Combustible Celluloid
 
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With: Charlize Theron, Javier Bardem, Adèle Exarchopoulos, Jean Reno, Jared Harris, Sibongile Mlambo
Written by: Erin Dignam
Directed by: Sean Penn
MPAA Rating: R for strong bloody violence including disturbing images of war atrocities, language, and brief sexuality
Running Time: 131
Date: 07/28/2017
IMDB

The Last Face (2017)

1/2 Star (out of 4)

Sucking 'Face'

By Jeffrey M. Anderson

Sean Penn's fifth feature film as director, this romantic war drama is an all-around dud; it's poorly shot and edited, crushingly heavy-handed, woefully misguided, and, to top it off, miserably long.

In The Last Face, Wren Petersen (Charlize Theron) has taken over her father's organization Doctors of the World. In 2003, she goes to Liberia to aid during the wartime devastation there. She also meets handsome surgeon Miguel Leon (Javier Bardem), and after successfully delivering a woman's baby, they begin an affair.

Their relationship is complicated not only by their different beliefs — Miguel refuses to get too personally involved in his work — and by Wren's concern that Miguel is a "player." Her fears are confirmed when one of his former lovers (Adèle Exarchopoulos) comes forward to say that she is HIV-positive. Eventually they part, but find themselves together again, in Cape Town, years later. Can they rekindle their spark?

Penn is clearly talented, but with The Last Face he seems to have let his humanitarian beliefs get in the way of his artistic instincts. He sheds light on some of the world's darkest atrocities, but in a melodramatic, hysterical way that undermines them. He also bafflingly uses the old "white savior" technique, telling a story of another culture's struggles through the eyes of privileged whites or westerners, which is outdated at best and insulting at worst.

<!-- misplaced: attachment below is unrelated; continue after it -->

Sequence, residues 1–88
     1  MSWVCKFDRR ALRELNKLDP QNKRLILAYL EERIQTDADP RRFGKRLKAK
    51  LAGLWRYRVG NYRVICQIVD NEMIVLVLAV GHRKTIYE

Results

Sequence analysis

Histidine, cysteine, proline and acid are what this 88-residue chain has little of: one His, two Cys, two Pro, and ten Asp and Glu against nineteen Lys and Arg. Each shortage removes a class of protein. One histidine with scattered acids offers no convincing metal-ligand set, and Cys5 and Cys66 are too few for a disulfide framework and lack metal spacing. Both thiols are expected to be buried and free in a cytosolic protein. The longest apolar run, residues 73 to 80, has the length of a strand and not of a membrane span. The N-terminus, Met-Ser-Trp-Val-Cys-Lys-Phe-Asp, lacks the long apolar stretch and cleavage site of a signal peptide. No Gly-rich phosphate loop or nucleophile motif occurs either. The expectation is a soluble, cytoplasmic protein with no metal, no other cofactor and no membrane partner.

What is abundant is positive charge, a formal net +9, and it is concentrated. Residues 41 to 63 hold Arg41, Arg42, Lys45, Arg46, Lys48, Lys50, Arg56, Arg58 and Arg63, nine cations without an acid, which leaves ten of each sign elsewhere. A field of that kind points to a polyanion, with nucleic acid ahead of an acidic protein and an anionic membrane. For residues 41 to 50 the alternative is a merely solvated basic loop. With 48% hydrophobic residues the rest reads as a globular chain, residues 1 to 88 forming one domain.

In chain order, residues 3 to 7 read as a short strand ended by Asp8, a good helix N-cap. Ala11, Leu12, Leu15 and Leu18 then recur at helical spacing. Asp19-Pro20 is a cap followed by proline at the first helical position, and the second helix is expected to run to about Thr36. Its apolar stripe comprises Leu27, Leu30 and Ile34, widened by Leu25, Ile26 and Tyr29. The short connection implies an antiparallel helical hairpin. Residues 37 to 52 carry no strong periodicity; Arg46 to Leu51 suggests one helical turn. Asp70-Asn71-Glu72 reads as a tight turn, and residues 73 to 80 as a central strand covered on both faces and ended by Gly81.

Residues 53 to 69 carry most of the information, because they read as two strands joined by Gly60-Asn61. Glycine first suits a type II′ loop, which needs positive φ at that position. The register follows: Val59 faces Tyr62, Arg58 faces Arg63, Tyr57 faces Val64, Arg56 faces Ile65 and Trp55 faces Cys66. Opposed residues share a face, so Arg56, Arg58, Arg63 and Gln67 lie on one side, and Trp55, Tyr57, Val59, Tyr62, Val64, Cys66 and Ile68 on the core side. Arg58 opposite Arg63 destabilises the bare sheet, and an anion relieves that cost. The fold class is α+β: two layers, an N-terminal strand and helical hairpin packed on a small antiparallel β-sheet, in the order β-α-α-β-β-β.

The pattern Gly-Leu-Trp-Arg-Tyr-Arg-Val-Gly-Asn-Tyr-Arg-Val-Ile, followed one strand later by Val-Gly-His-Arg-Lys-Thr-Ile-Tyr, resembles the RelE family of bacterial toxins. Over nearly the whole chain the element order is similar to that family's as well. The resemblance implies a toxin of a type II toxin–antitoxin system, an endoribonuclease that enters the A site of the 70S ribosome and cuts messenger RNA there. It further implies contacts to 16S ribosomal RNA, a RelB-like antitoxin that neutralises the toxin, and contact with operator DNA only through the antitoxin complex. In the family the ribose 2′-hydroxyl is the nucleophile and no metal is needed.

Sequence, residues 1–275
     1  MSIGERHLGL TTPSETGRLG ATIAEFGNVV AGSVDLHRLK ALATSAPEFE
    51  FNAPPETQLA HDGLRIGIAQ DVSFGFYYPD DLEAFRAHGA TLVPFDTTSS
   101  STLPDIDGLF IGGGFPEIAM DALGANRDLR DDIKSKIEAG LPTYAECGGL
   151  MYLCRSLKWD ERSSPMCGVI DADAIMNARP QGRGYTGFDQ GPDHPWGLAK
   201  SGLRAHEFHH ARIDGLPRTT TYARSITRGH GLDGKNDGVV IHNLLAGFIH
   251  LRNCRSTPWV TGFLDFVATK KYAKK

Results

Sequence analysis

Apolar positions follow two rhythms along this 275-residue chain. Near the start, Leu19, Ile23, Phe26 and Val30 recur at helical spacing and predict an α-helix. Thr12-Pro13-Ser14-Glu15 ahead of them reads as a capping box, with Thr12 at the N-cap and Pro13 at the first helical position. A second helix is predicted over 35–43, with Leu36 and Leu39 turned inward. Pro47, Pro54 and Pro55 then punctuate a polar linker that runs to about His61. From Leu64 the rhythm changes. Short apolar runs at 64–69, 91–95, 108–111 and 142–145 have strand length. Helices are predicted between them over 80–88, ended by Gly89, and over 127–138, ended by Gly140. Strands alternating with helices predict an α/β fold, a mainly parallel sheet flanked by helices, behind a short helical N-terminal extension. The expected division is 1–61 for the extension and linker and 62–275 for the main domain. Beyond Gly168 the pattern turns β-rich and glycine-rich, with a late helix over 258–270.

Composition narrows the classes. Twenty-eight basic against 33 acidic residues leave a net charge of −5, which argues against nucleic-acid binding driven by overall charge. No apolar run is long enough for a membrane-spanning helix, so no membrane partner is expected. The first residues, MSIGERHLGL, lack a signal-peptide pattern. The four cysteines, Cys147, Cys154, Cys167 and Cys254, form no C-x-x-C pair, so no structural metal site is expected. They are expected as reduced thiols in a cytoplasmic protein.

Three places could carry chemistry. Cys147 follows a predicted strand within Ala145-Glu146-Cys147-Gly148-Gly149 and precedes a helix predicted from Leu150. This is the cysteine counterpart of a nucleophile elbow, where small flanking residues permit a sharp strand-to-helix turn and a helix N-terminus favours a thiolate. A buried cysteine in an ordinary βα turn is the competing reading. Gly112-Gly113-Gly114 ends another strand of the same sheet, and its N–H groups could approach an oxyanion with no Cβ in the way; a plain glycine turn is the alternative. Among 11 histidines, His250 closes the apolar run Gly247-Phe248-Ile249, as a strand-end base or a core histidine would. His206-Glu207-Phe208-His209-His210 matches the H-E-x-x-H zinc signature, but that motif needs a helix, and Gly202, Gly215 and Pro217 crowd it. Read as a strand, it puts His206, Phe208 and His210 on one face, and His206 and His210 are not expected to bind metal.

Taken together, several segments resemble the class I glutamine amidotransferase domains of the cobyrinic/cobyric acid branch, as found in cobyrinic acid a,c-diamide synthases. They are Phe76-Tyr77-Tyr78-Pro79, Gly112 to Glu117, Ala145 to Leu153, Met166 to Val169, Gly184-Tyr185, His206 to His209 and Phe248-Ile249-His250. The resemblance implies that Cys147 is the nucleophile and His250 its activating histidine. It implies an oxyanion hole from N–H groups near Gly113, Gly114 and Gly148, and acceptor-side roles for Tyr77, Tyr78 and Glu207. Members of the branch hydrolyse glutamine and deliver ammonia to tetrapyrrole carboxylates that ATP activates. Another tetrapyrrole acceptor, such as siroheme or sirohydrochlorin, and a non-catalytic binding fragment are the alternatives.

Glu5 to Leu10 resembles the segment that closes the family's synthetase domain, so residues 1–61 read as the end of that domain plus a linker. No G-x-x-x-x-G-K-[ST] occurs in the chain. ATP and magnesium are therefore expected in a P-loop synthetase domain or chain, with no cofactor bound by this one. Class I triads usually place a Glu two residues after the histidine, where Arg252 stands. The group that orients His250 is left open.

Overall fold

Then, even if this story were worth watching anymore, Penn aggravatingly favors wobbly, shaky camerawork, restlessly roaming and wandering as if terribly bored. He also frequently uses a "rolling focus" technique, which leaves important bits of the frame out of focus.

In the midst of all this aggravation and noise, not even Oscar-winners Charlize Theron or Javier Bardem can save the day; their shallow characters are little more than place-holders. Talented actors like Adèle Exarchopoulos, Jean Reno, and Jared Harris barely register at all.

At least bad movie lovers will thrill to the bizarre teeth-brushing seduction scene, wherein Bardem and Theron turn each other on with toothpaste dripping from their chins. But all others should avoid this and seek enlightenment elsewhere.

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